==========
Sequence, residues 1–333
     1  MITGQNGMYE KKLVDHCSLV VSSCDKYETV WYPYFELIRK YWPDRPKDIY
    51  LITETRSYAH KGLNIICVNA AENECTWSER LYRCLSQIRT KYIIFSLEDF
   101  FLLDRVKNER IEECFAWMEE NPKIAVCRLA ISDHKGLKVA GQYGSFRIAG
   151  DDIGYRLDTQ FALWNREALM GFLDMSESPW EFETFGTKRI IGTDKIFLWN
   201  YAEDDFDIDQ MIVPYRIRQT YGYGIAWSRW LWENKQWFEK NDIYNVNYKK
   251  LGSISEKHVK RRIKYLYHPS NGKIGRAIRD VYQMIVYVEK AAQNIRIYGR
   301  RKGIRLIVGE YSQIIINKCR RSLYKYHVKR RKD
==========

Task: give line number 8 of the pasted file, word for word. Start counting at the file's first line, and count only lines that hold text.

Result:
   301  RKGIRLIVGE YSQIIINKCR RSLYKYHVKR RKD